Now let’s take a look at the decree of Giuseppe Fedele Covi, and discuss the evidentiary value of the different pieces of information the document contains. I’ve set my comments apart from the text of the document below by placing them in red.
“Decree number: 3508
The Illustrious Magistrate
The undersigned, Giuseppe Fedele Covi, who resides in this city, provided the following answers to the [Magistrate’s] humble questions.
- He is a native of [the town of] Seio, District of Trento in the Tirolo [Tyrol].
- He married here [in Trieste] and is the father of three children.
- He has resided here [in Trieste] since 1829.
- He is the owner of grocery store number 967, approved by Magistrate Decree Number 12830 on 27 November 1852.
- He has never been convicted [of anything criminal].
- He earns sufficient money to maintain his family.
In the hope of attaining the grace of all, he signs [his signature below:]
Trieste, 19 March 1853
Signature of Giuseppe Fedele Covi”
The above section is the testimony of Giuseppe Fedele Covi, in order to answer a Magristrates’ questions. This section would then contain primary information because it was stated by a participant in the events in question.
What form of evidence each piece of information provides would depend on the research question. For example, if the question was “Where was Giuseppe Fedele Covi born?” then he provides direct evidence that he was born in the town of Seio in the Tirolo within his first response. Direct evidence is when the information seems to provide the answer to the research question by itself.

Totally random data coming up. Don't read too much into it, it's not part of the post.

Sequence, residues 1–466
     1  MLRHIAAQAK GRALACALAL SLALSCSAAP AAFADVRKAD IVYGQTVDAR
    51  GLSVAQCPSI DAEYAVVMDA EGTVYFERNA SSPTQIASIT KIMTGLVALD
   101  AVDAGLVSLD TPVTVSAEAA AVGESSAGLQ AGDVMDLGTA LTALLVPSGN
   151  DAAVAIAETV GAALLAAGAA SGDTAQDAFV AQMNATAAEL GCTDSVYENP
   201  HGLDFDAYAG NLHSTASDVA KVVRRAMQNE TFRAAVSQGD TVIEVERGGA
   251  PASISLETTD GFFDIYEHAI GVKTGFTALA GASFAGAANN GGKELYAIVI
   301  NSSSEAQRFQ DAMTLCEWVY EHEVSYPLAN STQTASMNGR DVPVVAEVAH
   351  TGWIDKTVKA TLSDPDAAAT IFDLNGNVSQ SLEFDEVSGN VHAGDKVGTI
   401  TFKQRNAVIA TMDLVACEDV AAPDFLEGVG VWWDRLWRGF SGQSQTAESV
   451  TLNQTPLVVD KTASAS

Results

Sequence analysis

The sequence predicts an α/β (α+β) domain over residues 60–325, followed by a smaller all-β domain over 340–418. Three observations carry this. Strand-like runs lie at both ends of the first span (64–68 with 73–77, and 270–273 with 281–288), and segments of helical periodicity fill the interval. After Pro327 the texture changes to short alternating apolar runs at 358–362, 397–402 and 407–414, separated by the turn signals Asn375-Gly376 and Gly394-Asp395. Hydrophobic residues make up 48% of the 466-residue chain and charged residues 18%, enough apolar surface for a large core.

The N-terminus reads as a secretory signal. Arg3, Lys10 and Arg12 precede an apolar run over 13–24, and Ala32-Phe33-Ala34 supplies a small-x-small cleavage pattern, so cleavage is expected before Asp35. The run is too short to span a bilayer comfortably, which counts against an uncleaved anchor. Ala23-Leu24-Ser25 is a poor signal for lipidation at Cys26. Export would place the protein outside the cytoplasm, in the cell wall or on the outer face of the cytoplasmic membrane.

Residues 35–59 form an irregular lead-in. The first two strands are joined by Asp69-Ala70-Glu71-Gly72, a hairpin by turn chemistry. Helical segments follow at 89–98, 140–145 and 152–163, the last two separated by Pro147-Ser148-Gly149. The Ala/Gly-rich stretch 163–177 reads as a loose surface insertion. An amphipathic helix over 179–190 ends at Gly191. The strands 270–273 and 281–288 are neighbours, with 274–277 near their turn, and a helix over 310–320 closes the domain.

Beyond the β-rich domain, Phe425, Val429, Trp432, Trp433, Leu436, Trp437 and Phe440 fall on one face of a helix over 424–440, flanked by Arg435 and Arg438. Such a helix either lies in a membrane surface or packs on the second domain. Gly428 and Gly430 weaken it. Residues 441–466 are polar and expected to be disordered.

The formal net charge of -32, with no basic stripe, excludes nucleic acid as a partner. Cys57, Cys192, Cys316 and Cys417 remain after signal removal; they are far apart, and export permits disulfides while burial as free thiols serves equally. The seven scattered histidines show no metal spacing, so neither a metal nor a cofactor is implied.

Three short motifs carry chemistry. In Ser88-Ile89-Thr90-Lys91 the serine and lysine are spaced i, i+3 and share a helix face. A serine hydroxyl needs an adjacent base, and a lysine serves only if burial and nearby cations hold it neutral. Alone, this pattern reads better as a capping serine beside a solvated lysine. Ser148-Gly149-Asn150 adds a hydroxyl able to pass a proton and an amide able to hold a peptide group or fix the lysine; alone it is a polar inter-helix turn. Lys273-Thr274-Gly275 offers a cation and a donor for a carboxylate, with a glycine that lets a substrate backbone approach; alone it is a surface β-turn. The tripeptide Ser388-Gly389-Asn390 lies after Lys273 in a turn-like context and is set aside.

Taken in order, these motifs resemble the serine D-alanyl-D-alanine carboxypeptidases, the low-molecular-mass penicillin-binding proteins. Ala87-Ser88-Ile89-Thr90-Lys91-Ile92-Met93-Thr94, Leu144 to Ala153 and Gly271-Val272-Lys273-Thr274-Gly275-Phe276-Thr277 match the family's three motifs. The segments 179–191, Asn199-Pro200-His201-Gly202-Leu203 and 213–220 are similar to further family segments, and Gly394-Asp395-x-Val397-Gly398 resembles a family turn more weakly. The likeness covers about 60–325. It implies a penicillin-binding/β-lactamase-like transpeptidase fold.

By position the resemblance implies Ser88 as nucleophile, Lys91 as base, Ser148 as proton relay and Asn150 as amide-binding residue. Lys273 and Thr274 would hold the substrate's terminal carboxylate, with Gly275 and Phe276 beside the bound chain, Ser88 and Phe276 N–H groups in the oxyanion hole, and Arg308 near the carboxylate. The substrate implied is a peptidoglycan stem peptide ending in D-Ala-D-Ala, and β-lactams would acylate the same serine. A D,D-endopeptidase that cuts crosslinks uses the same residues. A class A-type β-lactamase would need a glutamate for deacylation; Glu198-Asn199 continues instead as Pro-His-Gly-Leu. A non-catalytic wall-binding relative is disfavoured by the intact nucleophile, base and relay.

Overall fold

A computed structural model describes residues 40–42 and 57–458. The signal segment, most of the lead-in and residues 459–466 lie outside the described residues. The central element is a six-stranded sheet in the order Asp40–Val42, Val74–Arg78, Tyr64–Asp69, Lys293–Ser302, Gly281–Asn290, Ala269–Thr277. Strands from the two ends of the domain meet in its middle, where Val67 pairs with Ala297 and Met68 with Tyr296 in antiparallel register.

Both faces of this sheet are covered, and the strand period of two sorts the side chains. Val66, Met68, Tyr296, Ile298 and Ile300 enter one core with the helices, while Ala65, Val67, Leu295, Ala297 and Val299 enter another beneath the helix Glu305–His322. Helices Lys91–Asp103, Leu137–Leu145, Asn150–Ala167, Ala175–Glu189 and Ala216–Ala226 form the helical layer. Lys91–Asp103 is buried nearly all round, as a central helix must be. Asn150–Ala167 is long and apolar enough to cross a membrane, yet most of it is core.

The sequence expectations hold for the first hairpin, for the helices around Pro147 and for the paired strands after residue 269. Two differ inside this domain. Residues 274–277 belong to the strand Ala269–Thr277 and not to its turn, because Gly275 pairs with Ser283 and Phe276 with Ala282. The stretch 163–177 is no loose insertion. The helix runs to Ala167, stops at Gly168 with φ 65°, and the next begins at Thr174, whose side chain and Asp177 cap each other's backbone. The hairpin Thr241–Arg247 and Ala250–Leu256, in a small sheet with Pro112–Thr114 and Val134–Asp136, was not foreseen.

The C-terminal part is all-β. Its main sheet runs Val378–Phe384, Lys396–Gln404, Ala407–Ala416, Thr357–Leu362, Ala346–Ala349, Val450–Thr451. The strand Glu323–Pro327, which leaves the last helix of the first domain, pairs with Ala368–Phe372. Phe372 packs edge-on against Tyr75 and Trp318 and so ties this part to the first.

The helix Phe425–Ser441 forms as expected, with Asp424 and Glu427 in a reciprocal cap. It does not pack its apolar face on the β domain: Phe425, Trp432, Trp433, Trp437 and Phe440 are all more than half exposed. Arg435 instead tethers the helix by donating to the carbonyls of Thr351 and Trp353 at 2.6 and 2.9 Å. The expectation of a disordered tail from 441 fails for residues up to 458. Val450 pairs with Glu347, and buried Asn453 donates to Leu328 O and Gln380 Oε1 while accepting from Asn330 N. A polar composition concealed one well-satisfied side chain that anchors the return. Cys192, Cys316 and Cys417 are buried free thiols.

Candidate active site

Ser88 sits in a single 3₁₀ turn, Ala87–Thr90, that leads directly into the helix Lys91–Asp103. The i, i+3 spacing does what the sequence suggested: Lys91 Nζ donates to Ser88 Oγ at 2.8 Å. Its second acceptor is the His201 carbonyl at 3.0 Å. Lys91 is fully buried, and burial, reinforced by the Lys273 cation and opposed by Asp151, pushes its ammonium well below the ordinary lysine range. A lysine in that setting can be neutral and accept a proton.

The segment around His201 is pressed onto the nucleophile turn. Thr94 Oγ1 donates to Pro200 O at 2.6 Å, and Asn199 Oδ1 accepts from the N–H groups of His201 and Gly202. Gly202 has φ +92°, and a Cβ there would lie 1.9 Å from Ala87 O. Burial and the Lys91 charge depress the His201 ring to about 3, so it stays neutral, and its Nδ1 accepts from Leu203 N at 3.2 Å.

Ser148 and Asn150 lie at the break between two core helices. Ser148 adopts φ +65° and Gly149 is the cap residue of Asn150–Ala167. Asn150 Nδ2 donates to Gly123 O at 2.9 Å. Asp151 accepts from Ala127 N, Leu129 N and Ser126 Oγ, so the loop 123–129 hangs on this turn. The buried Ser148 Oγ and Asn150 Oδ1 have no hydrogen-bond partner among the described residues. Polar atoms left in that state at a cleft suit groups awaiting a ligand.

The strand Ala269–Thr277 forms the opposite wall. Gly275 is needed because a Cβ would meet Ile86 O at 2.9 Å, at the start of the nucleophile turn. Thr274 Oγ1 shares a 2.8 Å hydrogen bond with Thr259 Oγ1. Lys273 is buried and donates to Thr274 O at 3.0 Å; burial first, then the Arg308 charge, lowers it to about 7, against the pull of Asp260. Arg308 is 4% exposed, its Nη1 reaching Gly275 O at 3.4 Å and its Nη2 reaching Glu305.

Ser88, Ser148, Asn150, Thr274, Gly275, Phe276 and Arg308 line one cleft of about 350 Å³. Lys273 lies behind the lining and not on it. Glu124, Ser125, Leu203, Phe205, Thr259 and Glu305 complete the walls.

However, if the research question was “Where were his three children born?” then this information provides indirect evidence that his children were born in Trieste. For indirect evidence, you have to combine various pieces of information in order to reach a genealogical conclusion. Therefore, if Giuseppe Fedele had lived in Trieste since 1829 [answer 3], married in Trieste [answer 2], and had three children by 1853 [answer 2] this evidence combines to indirectly prove that his children were born in Trieste. However, I would suggest seeking the children’s baptismal records in order to find direct evidence for this conclusion.
“I hereby declare, to the praise and triumph of the genuine truth, that Giuseppe Fedele Covi, a native of Tirolo and son of the living Nicoló Covi, was employed in my shop in his youth, from the end of 1829 until the last months of 1833. During his service to me, he behaved with great willingness and activity and was well known for his honesty. I hereby place my signature and seal in the presence of two witnesses.
Trieste, 23 April 1836
Signature of Giacomo Antonio Depaul
I, Andrea Rabaux, hereby witness the signature of Mister Giacomo Antonio Depaul, which was made by his own hand [written in the hand of Andrea Rabaux, likely in lieu of a signature].
Signature of Giacomo Augustinish, also a witness to the above [signature of Giacomo Antonio Depaul]’
If the research question was “Who was Giuseppe Fedele Covi’s father?” then the testimonial section by Giacomo Antonio Depaul provides direct evidence that his father’s name was Nicolo Covi. However, because he was likely not a direct participant or eyewitness to the birth of Giuseppe Fedele Covi it provides secondary information.
Could Giacomo Antonio Depaul have personally known Nicolo Covi? Sure, but this document doesn’t provide evidence of that either way. Therefore, we have to evaluate what evidence it does provide and assign the appropriate evidentiary strength to each piece of information.
If you have any questions, please feel free to email me at Melanie@holtzresearch.com.
 Trieste, Trieste Province, Italy, “Decretti [Decrees], 1853”: number 3508, register marked 1230 and 1/9 1, Decree of Giuseppe Fedele Covi; Archivio Generale del Comune di Trieste [Municipal Archives for the Town of Trieste], Via Punta del Forno, n. 2, 34121 Trieste, Italy.